Your Contribution to Fund PBS Costs Less Than a Cup Of Coffee
The Protect My Public Media campaign may be the only thing between public television and radio and disaster. That may seem dramatic, but with Big Bird off the news cycle, PBS doesn't have a whole lot speaking up for it right now. Instead of spending our time discussing where it is most appropriate to cut spending, those of us who believe in public resources and local investment are stuck fighting short-sighted bureaucrats and partisans who have lost sight of the value of public media. With your help, we can be louder.
Protect My Public Media describes its mission as fighting to preserve federal funding for public media as a primary source of news, educational, music, and cultural programming working collaboratively with educators, parents, and schools across the country. The campaign is battling against those who think Big Bird needs to be defunded or missed that Parenting.com just announced its top 6 picks for toddlers, half of which are on PBS Kids. A strong public media serves as a conduit to its local community for a variety of public goods — including information during emergencies, coverage of local government actions, and programming for children of all socioeconomic levels.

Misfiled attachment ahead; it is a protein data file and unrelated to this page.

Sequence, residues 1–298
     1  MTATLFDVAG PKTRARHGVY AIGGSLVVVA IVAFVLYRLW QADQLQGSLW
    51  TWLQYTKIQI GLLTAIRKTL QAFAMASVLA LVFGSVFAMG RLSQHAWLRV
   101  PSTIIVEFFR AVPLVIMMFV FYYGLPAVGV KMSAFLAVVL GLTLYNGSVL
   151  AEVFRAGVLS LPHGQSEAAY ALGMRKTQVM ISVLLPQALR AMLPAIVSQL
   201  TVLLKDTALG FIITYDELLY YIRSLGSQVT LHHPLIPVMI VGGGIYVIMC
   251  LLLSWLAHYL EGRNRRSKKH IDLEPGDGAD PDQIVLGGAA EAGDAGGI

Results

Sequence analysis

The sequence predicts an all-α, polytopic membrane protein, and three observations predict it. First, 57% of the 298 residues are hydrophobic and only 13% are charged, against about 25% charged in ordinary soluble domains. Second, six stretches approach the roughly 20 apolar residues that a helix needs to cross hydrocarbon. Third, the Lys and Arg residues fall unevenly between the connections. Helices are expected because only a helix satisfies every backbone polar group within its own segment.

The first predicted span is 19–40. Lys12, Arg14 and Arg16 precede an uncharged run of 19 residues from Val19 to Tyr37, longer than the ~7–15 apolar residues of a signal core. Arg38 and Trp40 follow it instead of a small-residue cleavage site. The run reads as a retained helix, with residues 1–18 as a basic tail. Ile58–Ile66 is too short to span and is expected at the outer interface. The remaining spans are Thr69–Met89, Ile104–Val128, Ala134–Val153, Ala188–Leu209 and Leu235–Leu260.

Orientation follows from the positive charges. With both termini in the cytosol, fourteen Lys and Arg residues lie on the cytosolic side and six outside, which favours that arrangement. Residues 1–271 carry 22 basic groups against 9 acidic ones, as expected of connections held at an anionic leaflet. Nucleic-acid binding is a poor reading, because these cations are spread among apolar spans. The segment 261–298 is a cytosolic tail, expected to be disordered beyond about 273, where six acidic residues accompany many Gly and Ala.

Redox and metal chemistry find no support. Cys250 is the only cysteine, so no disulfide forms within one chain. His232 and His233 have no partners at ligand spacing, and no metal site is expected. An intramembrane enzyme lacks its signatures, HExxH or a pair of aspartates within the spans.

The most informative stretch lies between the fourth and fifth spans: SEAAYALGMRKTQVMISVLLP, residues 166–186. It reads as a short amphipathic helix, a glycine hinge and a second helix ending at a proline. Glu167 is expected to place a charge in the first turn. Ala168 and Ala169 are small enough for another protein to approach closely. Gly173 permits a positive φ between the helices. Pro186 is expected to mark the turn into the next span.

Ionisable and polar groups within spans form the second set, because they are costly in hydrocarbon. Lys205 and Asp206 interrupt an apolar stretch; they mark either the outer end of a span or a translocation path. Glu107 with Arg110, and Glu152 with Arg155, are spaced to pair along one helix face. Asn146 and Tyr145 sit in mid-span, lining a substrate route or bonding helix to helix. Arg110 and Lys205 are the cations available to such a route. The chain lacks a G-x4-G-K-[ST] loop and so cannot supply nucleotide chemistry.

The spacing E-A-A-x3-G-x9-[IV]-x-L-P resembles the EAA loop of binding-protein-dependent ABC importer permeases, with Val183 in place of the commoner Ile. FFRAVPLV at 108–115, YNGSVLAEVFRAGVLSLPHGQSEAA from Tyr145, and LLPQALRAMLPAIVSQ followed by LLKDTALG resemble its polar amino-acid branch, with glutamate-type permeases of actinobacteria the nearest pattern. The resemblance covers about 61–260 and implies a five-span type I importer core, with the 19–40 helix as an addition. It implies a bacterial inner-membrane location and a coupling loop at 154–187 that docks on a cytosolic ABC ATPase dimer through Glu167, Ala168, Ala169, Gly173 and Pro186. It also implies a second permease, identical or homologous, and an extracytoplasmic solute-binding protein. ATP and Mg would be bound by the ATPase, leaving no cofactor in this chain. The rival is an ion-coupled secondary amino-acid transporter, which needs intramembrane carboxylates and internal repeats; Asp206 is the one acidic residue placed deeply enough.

Your portion of federal funding for programs that reach so many, that sustain locally licensed, governed and staffed stations, that bring educational content to 98% of our population, is less than a cup of coffee. For a decade, PBS has been the #1 most trusted institution and has been considered an excellent use of tax dollars in a poll conducted by Roper Public Affairs — behind only military/defense spending. That alone should indicate the high priority to the American people that their local public media stations represent — even the staunchest budget hawks seem to support increased military spending — and yet we find it on the chopping block.
This debate is juvenile and it has to stop. Public resources for education, communication, and civic advancement are critical to the success of this nation, and those points are lost on a crowd blindly whetted to cutting without measuring the value to our society. As a fiscal conservative, I was not intending to become a champion of public resources such as libraries and PBS, and yet here I stand yelling, "enough!" We have to look at the long game about what kind of nation we want to have.